Delaying putting a cost of carbon into the NZ market helps no-one except big emitters and the ideologically deluded.

  21. BOH,

    Reminds very much of the IS)O registration proponents. They had companies believe that unless they were ISO registered, NOBODY would be able to trade or export.

    Remind me again where this led? Is ISO dead?

    Will carbon labelling stop trade?

    No. Just more FEAR tactics for money making purposes that will do NOTHING for climate change.

    I guess every generation has a FEAR scare somewhere ISO, Y2K, now carbon labelling, next carbon credits.

    Hey, If got some carbon credits for sale, want to buy them?

  22. “Valis – The public is looking at the election negotiations, not Key’s actions however many months ago.”

    bj, I don’t disagree that the public may see it that way. I was criticising *you* saying what you did, as I feel you know better and you didn’t make the statement as if from the public.

    “Right now nobody outside this little circle takes the party very seriously.”

    Key looks like a centrist now, but three years is a long time. The worst thing the Greens could do is panic.

  23. I judge from appearances same as most people. The party did not inform me about its reasoning with respect to why it elected to shoot first and ask questions later, nor would it have been appropriate for the party to bother doing that. I disagree with the reasoning so far presented. After you hear the offer is time enough to spit-the-dummy. No need to jump the gun.

    BJ

  24. Fair enough. There are two reasons. One is that there are people who vote Green who will not risk their vote if there is any possibility that the result could be supporting National. Some in the party are deathly afraid that those votes would be lost. This is not a false issue, as much of the Green vote is soft Labour. The other reason is that many party members fear just as much the party being compromised in one of its core principles, leading to a schism like the Alliance suffered. This is the standard fundis vs realos argument that most Green parties have to deal with. The fundis have so far won the debate.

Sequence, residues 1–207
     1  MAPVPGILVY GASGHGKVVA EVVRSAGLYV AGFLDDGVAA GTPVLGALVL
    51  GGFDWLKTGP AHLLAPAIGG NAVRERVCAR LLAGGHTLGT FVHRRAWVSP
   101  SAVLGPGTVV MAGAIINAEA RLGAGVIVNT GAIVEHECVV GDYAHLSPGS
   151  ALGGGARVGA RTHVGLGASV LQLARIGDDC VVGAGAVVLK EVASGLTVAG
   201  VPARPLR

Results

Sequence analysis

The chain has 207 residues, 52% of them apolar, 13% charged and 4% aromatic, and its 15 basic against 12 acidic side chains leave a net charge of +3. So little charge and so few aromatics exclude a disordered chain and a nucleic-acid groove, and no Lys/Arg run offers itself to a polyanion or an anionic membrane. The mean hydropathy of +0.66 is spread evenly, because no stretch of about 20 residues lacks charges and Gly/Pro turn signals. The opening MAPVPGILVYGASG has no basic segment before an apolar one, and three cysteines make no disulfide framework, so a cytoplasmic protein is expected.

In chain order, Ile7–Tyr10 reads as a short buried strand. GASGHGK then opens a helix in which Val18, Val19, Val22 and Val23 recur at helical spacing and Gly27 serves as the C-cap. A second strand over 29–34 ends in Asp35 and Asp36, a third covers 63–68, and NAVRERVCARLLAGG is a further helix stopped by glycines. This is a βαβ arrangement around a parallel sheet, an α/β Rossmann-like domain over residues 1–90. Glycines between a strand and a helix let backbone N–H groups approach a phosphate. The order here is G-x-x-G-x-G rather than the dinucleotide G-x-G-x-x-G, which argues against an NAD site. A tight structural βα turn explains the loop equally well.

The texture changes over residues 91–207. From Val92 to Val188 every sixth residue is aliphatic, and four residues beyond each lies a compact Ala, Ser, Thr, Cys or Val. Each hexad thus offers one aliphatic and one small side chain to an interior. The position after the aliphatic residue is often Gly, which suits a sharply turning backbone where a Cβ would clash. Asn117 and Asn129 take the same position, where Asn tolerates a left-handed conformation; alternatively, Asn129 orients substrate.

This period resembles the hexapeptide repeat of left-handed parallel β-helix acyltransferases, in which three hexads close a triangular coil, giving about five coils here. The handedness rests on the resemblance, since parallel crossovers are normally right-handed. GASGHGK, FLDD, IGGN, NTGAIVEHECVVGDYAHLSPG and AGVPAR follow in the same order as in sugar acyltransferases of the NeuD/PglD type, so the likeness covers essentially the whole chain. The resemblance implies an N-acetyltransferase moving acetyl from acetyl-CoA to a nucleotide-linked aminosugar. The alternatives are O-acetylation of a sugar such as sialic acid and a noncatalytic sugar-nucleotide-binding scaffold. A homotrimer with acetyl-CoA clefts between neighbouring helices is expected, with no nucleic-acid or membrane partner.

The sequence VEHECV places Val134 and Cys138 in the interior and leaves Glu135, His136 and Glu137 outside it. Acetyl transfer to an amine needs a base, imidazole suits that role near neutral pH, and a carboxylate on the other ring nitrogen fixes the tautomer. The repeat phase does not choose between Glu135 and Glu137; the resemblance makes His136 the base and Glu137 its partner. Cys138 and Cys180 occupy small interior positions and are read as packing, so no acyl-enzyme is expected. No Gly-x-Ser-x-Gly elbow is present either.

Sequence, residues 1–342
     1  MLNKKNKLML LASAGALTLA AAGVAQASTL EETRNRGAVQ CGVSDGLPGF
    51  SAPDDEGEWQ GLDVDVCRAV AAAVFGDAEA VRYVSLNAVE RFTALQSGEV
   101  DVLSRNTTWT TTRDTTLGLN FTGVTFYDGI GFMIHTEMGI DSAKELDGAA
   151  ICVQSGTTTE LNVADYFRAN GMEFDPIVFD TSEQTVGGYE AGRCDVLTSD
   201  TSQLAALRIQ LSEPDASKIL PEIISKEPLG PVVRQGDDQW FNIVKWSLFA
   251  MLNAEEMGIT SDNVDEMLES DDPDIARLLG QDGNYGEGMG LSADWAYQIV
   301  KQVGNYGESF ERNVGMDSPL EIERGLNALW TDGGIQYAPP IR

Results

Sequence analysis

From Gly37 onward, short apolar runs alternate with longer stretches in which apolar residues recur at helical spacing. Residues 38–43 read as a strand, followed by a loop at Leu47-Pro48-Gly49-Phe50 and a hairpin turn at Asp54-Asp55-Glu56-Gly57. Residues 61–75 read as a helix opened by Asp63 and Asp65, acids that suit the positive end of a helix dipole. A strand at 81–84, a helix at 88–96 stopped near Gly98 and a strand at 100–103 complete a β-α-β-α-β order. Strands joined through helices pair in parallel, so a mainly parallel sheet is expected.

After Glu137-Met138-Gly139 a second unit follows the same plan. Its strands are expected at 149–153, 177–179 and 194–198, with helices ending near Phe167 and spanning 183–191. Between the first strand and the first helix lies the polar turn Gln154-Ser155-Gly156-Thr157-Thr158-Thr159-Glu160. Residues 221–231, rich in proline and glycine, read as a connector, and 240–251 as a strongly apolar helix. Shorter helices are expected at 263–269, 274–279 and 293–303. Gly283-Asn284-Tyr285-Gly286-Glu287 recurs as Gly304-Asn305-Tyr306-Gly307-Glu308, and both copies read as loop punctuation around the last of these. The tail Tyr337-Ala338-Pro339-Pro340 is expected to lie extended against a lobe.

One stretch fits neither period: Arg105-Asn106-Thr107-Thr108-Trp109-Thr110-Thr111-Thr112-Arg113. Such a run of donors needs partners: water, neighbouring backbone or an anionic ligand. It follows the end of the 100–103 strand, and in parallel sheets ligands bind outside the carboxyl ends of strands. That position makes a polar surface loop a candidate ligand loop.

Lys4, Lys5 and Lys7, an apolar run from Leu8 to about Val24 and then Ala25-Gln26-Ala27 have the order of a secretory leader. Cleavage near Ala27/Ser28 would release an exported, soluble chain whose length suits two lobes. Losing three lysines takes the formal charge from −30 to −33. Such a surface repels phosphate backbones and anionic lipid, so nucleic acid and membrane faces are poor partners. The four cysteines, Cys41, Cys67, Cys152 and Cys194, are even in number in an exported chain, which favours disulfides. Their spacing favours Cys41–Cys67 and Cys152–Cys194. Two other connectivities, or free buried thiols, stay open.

25. If never being in government is classified as ‘winning’ I’d be interested in their definition of ‘loosing’!

  26. Mmmm… sounds like some history I need to know.

    What split “the alliance” and what WAS the alliance… ?

    Also interesting that with Labour and National having differences that can only be measured with imaginary numbers, they could not find a reason to talk.

    BJ

  27. The Green Party consists of people of all hues, though mostly from the left, esspecially the dregs from the alliance and new labour. By stating before the election that the party would work with labour and not with national the party was able to syphon some vote off labour to increase its vote in proportion to its potential coalition partner, though at the same time that action alienated the green members and voters whom were more to the right and over all left the left with fewer votes than it otherwise would of had; ifthe election had been slightly tighter, that decision could of quite possibly been the choice that made it.

    BJ,
    you dont know the alliance? what split it is open to opinion, I supose most would say subtle ideological differences but also; the greens left it first and alot of the alliance members whom stayed blamed the greens for the break up, those that didint latter joined the greens and are part of the fundi lefties that so rot this party. but then again i was alittle over a decade old at the time :P

  28. What the Alliance was made up of is not relevant to my point beyond that it was a party of the left and was anti war. When the govt decided to support the US in Afghanistan, it split because it was too big a compromise of its principles for it to withstand.